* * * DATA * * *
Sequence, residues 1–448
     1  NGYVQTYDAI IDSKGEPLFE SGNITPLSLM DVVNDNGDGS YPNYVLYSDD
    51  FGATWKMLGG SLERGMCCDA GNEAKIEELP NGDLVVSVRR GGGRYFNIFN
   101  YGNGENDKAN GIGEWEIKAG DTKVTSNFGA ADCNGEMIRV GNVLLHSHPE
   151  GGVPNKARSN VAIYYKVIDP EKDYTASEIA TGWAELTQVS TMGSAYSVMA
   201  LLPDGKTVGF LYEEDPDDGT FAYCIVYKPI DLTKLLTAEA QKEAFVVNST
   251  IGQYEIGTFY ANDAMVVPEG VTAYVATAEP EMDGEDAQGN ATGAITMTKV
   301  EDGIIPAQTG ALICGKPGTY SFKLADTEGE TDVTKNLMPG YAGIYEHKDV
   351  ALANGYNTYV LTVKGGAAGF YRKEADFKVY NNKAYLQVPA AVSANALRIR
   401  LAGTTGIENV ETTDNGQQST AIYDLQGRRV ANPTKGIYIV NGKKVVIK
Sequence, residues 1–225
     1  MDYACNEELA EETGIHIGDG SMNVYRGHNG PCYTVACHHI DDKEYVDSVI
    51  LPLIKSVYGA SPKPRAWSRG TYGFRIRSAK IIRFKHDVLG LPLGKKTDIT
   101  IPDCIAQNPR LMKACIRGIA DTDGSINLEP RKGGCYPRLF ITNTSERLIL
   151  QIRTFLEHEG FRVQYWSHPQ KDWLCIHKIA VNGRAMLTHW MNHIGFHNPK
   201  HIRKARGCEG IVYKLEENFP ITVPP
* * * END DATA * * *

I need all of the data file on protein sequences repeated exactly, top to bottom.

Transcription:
Sequence, residues 1–448
     1  NGYVQTYDAI IDSKGEPLFE SGNITPLSLM DVVNDNGDGS YPNYVLYSDD
    51  FGATWKMLGG SLERGMCCDA GNEAKIEELP NGDLVVSVRR GGGRYFNIFN
   101  YGNGENDKAN GIGEWEIKAG DTKVTSNFGA ADCNGEMIRV GNVLLHSHPE
   151  GGVPNKARSN VAIYYKVIDP EKDYTASEIA TGWAELTQVS TMGSAYSVMA
   201  LLPDGKTVGF LYEEDPDDGT FAYCIVYKPI DLTKLLTAEA QKEAFVVNST
   251  IGQYEIGTFY ANDAMVVPEG VTAYVATAEP EMDGEDAQGN ATGAITMTKV
   301  EDGIIPAQTG ALICGKPGTY SFKLADTEGE TDVTKNLMPG YAGIYEHKDV
   351  ALANGYNTYV LTVKGGAAGF YRKEADFKVY NNKAYLQVPA AVSANALRIR
   401  LAGTTGIENV ETTDNGQQST AIYDLQGRRV ANPTKGIYIV NGKKVVIK
Sequence, residues 1–225
     1  MDYACNEELA EETGIHIGDG SMNVYRGHNG PCYTVACHHI DDKEYVDSVI
    51  LPLIKSVYGA SPKPRAWSRG TYGFRIRSAK IIRFKHDVLG LPLGKKTDIT
   101  IPDCIAQNPR LMKACIRGIA DTDGSINLEP RKGGCYPRLF ITNTSERLIL
   151  QIRTFLEHEG FRVQYWSHPQ KDWLCIHKIA VNGRAMLTHW MNHIGFHNPK
   201  HIRKARGCEG IVYKLEENFP ITVPP